This is the first of a three-part series running this week on Third and State.
Last week, the editorial page of The Wall Street Journal got caught being, shall we say, less than truthful in its presentation of data on taxes. Paul Krugman explains (Kevin Drum has the best graphic):
The story goes like this: The Wall Street Journal had a deeply dishonest editorial claiming that taxes on the rich can’t help with [our] budget problems. (Are you surprised?) There were actually multiple problems with the editorial; Jonathan Chait pointed out that it repeatedly compared apples with oranges, that if you actually read the numbers straight the editorial disproved its own point. None of this was surprising.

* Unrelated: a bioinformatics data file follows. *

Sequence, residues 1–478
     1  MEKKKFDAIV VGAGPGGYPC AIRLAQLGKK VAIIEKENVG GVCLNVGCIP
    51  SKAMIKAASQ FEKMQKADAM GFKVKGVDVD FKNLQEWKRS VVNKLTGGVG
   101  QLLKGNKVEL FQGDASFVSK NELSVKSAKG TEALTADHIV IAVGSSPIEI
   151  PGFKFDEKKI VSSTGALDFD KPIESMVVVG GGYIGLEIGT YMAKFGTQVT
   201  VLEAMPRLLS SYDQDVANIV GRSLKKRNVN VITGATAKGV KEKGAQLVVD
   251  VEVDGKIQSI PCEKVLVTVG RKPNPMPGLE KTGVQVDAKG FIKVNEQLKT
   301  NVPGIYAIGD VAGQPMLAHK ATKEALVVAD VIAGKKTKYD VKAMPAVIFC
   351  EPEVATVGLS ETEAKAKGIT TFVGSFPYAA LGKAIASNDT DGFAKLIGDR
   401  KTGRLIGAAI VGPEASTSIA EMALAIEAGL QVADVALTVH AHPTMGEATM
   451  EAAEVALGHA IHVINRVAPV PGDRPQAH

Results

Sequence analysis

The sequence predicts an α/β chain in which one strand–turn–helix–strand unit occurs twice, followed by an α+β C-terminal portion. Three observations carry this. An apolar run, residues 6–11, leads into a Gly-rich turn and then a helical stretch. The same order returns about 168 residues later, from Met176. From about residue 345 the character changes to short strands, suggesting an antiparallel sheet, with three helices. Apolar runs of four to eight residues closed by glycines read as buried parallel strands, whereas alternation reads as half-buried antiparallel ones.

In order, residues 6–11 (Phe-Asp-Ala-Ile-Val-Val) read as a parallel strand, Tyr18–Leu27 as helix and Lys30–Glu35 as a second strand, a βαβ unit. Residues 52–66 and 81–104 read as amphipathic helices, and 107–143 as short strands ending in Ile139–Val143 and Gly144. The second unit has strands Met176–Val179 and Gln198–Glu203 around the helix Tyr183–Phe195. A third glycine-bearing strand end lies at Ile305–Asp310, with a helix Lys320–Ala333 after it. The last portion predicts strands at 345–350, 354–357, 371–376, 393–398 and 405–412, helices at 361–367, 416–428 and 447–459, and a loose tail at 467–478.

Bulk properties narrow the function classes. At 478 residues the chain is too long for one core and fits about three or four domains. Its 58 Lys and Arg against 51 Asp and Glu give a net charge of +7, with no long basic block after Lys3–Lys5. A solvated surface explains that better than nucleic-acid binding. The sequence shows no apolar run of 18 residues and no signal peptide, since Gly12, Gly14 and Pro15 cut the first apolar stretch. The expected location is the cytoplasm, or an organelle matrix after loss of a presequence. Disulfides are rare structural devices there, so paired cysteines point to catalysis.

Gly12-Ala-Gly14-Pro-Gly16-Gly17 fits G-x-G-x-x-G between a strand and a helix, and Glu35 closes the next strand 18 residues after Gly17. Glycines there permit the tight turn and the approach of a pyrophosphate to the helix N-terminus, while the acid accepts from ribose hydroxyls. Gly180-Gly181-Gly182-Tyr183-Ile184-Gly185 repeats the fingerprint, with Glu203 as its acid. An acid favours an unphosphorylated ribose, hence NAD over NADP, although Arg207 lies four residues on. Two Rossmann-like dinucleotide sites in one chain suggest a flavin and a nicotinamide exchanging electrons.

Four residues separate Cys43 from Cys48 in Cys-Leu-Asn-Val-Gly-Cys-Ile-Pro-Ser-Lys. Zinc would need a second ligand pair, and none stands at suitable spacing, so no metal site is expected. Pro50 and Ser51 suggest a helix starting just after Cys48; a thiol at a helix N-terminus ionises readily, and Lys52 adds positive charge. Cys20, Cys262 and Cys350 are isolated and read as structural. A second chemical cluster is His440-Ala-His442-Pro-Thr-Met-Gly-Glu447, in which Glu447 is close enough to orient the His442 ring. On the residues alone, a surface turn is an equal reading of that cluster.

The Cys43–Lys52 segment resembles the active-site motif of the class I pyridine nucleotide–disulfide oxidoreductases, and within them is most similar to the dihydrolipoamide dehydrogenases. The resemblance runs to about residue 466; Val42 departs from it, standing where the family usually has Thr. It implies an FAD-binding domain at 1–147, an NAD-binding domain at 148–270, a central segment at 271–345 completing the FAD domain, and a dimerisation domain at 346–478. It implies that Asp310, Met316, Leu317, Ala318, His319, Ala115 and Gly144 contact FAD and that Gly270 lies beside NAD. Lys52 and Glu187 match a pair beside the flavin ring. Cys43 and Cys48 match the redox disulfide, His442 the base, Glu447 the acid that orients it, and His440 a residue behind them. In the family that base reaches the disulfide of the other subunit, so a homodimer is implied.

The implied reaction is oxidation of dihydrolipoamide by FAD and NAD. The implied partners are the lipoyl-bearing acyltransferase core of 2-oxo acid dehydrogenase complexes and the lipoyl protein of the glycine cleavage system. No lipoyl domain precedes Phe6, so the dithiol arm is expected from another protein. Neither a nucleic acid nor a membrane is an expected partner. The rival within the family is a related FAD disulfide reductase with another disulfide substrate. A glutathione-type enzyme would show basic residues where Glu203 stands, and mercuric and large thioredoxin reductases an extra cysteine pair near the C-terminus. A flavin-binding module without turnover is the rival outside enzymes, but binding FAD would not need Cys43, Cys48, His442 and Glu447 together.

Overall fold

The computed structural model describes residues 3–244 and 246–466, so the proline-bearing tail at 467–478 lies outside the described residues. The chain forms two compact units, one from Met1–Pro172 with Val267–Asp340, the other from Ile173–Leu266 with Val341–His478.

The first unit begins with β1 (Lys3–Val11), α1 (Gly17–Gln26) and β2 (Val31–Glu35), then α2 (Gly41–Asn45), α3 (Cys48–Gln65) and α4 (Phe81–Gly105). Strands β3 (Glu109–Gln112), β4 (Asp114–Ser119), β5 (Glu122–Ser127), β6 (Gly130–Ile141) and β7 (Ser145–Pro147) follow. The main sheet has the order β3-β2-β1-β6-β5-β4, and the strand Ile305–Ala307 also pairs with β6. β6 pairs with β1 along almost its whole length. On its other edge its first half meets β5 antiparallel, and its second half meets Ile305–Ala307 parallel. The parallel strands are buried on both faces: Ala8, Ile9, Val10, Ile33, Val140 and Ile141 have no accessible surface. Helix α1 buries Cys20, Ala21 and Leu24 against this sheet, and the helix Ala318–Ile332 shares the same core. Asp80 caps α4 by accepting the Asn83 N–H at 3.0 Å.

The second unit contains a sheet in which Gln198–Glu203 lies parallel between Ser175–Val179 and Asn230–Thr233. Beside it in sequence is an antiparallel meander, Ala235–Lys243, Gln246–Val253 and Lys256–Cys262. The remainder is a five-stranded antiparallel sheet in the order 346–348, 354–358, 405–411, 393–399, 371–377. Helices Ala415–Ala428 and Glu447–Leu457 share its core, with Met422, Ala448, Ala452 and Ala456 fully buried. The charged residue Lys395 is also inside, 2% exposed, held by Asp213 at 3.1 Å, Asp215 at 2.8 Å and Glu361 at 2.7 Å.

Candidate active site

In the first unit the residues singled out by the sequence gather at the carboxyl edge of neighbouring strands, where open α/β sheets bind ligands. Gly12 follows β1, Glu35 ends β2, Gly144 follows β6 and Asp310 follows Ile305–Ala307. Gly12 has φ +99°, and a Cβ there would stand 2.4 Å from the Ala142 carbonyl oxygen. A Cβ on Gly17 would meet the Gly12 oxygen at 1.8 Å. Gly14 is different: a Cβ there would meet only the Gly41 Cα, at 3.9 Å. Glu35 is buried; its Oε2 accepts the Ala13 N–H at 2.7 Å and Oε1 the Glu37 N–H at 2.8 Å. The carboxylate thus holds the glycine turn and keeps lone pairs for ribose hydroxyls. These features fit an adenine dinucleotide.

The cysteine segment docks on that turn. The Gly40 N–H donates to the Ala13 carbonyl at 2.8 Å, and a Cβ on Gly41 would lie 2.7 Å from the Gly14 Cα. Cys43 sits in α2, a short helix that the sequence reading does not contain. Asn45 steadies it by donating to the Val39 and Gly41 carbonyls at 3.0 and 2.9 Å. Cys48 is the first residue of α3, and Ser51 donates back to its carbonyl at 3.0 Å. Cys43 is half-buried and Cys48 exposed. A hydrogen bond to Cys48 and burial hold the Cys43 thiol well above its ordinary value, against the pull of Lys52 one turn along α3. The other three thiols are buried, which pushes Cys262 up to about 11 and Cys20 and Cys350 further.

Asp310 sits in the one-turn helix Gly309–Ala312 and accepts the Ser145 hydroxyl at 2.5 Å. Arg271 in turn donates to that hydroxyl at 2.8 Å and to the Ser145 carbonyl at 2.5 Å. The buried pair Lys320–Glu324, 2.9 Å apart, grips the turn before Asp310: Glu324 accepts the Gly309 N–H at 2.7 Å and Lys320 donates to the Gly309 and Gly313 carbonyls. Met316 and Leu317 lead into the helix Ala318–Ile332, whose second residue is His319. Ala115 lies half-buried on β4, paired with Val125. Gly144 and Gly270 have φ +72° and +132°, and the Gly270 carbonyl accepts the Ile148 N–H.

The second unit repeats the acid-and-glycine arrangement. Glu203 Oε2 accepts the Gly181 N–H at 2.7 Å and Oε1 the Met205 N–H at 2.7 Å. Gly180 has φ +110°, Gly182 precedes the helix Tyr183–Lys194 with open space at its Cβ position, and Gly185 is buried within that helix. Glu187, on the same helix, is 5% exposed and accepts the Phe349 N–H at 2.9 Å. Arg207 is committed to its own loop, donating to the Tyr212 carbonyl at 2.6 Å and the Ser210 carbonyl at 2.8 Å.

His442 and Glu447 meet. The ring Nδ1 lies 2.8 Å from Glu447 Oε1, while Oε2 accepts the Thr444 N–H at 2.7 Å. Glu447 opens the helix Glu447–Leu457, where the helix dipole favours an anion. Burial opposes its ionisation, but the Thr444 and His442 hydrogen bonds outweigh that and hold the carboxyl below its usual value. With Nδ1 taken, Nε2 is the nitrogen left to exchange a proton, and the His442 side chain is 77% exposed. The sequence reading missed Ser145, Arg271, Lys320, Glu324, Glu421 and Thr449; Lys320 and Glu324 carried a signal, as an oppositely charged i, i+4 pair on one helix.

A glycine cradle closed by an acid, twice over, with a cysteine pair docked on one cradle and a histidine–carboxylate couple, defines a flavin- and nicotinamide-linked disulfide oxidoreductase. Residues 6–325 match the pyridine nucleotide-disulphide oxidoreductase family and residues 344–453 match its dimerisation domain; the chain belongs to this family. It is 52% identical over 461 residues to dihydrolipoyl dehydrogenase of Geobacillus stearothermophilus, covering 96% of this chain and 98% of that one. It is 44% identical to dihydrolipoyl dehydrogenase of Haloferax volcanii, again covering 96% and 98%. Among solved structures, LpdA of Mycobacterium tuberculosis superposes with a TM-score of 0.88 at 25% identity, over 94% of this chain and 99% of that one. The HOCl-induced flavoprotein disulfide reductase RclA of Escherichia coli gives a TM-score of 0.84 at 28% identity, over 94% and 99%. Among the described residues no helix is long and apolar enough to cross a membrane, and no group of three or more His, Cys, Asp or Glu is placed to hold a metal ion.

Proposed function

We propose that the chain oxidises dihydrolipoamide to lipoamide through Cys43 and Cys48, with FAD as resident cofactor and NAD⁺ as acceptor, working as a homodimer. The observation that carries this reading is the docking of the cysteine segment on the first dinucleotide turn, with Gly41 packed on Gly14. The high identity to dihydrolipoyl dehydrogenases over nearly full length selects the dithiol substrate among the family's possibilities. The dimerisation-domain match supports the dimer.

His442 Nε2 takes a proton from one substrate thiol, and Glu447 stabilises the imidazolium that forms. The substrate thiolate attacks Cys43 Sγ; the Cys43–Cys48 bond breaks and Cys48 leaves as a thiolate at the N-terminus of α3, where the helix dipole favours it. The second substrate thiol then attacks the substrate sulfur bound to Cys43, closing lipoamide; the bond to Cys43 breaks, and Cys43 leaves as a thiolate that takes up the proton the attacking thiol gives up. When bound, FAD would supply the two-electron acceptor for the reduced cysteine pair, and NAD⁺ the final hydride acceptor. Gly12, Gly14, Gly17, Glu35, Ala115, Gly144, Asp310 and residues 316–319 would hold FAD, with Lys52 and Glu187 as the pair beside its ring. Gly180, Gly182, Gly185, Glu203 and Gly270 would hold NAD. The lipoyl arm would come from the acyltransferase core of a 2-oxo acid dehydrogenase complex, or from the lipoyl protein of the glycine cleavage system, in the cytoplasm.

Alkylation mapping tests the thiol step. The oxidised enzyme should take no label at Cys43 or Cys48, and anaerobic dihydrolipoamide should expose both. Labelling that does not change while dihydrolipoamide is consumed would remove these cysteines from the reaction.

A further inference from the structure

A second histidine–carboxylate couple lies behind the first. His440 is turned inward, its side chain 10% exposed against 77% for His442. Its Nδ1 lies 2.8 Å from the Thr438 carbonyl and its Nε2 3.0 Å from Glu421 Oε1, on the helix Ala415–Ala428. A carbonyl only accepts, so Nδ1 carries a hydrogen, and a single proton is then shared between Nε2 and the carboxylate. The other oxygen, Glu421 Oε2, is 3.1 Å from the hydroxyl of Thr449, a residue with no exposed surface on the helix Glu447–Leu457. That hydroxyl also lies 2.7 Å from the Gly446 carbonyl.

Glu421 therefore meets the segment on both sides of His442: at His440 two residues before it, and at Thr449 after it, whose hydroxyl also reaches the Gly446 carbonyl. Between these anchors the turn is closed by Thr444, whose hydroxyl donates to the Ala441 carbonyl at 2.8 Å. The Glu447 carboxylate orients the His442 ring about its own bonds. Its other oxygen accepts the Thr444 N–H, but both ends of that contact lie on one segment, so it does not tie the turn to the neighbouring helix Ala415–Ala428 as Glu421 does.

What was surprising was that the Tax Foundation, which normally produces a fair bit of disinformation itself, actually published a blog post pointing out that the chart accompanying the editorial was a classic case of how to lie with numbers. Was the Tax Foundation actually taking a stand for intellectual honesty?
The answer it seems is yes — but not for long because the post was quickly removed for “editorial and content reasons.” Mark Thoma has the full story.
Getting cheeky with data is not a phenomena limited to New York City and Washington D.C. Just a few steps south of our worldwide headquarters here at Third and State you can find Pennsylvania’s own Commonwealth Foundation working hard not to be outdone by their national peers. More on that tomorrow.